On Tuesday it was the 17th of Tammuz - a fast day commemorating the day when the Roman legions first broke through the walls of Jerusalem in 70 CE, before destroying the Temple 3 weeks later on the 9th of Av. The Beth Tzedek Rabbi chose to give a short sermon on the significance of the day. According to him it was all about the loss of Jewish sovereignty, and the day should remind us of how important sovereignty and independence should be to us as Jews. But this is completely untrue. It is a revision of meaning based on political Zionism which has totally taken over most current mainstream Jewish thinking. The 17th of Tammuz, the three weeks, and the 9th of Av are about the loss of the Temple, the suffering of the war victims, and exile. Jewish sovereignty had been lost long before the 17th of Tammuz 70 CE: officially in 6 AD when Rome deposed the puppet vassal kings of the Herodian dynasty who had ruled Judea in Rome's name since 37 BCE. There is no fast day to commemorate the loss of Jewish sovereignty. This was not a major concern of the ancient Rabbis. For most of Jewish history, even prior to the destruction in 70 CE, Jews had not been sovereign in the land of Israel. What was important to them was a presence in the land, freedom of religious practice, and the Temple. Associating the 17th of Tammuz and the 9th of Av with the need for Jewish political sovereignty is ... well a Zionist spin to say the least.

More on my adventures in Kaddishland in future postings.

Sunday, July 17, 2011

Every Day Racism

In a racist society, the racism is everyday and so casual its purveyors and witnesses hardly notice. Like the casual way white Mississippians might have used a phrase like "the good white folk of this state" circa 1952. So pay close attention to this quote, from member of Israel's Knesset and Kadima representative on the Knesset Finance Committee, Yulia Shamalov-Berkovich. Speaking at a demonstration (actually a tent city "sleep-in") in Tel-Aviv against high rents in that city, she said:
"The housing crisis didn't happen because we don't have money. It's because we don't have compassion. We're lacking values. [So far so good - but wait.]... I won't tolerate a Jewish State where Jews don't have homes. I want Israel to be the best place to live." [See full article in the Jerusalem Post.]
The fact that 20% of the population is not Jewish and many of them are living in overcrowded or even third world conditions, is simply not a concern of this member of Knesset from Israel's "liberal" opposition party - the one that is supposed to give us "lefties" hope if only they can come to power.

Tuesday, July 12, 2011

Boycott !

Today the Israel Knesset passed the anti-boycott law.

In response, I am asking all my readers to boycott Israeli wines made in the occupied territories or from grapes grown on settlements in the occupied territories. These include wines from the following labels:

  • Golan

  • Teperberg 1870 Winery

  • Binyamina

  • Tishbi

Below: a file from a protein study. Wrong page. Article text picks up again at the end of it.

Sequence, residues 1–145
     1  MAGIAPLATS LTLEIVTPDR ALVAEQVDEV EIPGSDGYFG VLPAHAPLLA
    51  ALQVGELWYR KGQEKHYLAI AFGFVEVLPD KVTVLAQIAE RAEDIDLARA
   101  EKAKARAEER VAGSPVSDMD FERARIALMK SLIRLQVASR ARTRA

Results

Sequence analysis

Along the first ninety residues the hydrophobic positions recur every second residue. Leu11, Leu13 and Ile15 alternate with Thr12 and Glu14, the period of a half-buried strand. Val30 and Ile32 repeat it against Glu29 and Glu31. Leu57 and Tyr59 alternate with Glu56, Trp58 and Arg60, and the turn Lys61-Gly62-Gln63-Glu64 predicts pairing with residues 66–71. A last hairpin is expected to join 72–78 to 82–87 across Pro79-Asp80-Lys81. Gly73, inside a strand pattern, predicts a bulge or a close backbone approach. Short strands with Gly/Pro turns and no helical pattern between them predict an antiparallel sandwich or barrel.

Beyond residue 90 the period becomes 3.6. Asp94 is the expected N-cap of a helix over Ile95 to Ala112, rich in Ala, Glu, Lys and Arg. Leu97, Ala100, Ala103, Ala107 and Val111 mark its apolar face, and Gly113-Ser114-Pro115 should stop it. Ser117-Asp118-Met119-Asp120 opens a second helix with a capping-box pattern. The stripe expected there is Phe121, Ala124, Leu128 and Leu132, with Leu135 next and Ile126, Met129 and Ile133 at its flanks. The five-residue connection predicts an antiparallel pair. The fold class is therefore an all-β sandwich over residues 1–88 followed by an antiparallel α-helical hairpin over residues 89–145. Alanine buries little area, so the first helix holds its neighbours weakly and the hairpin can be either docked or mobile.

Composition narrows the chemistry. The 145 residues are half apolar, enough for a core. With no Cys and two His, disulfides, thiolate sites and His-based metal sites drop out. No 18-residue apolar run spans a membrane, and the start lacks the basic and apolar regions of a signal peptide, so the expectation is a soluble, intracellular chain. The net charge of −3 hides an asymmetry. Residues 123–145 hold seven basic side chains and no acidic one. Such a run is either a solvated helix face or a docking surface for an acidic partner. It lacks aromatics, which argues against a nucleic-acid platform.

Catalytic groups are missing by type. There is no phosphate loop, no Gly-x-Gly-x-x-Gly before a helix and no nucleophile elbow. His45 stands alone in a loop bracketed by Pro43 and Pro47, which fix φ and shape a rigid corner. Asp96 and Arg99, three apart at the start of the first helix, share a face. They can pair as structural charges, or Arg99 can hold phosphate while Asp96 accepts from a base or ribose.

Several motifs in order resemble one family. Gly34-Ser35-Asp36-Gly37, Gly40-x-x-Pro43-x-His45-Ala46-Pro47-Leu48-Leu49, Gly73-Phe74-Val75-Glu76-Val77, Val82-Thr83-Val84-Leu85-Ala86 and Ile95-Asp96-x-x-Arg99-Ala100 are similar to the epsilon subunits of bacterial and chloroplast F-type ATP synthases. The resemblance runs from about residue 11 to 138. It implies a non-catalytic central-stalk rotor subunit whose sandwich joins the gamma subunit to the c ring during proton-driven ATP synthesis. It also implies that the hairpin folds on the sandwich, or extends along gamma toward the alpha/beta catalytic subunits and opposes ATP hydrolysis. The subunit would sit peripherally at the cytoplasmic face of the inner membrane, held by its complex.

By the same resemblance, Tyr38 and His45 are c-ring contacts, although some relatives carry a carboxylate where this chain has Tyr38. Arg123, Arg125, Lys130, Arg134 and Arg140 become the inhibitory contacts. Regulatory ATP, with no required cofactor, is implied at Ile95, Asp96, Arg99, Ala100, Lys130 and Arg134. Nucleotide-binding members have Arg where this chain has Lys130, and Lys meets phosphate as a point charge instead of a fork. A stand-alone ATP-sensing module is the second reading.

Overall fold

Carmel wines have also been named by some as having vineyards in the territories, but the exact status of this is not clear (at least not to me.)

You can find a complete list of smaller Israeli wineries in the territories in this report (pages 40 and 41.) I am asking readers to boycott such wineries as well. In fact, this report shows how most of the Israeli wine industry is involved in exploitation of the occupation, but tries to hide the embarassing facts from overseas buyers.

The reason to boycott these labels is that they exploit the land and water of the occupied territories for the exclusive benefit of Jews and Jewish owned industry without asking permission of the Palestinians or compensating them fairly. Israel rules these territories for the benefit of its citizens almost exclusively, and not, as both law and morality require, for the benefit of the native inhabitants - the Palestinians.

Peace Now is also calling for a boycott of settlement products. I hope more such calls will follow.

We must not be cowed by this anti-democratic law. And, for the record, my Israel ID number is 6554089.

Proud To Be A Reconstructionist

Today I am proud to be an active member of a Reconstructionist synagogue.

Rabbi Dan Ehrenkrantz, President, Reconstructionist Rabbinical College, published a very significant and, given the mood in mainstream American Jewry, a very brave article in the Huffington Post. In it he calls for breaking the near total identification of Judaism with the State of Israel, and for basing Jewish identity and unity not on support for or identification with Israel, but on shared values of peace and justice.

Is the State of Israel the sole embodiment of Jewish peoplehood? The answer is no...

We Jews should try to see ourselves as united by our bond with the Jewish people--in our collective efforts to bring peace, wholeness and justice to the world.

I am surprised this has not been picked up in the Jewish or Israel/Palestine blogosphere. It is a significant statement from the leader of 100,000 American (and Canadian) Jews.

Read the full statement here.

My Mother

My mother passed away on June 30 (28 Sivan) after a long illness. Her life was bound up with 20th century Jewish experience, and she has certainly influenced my own views of Judaism and the world, and, of course, she helped shape my personality.

Below is the eulogy I gave at her funeral.

Eulogy for Jeanette Nestel
June 30 2011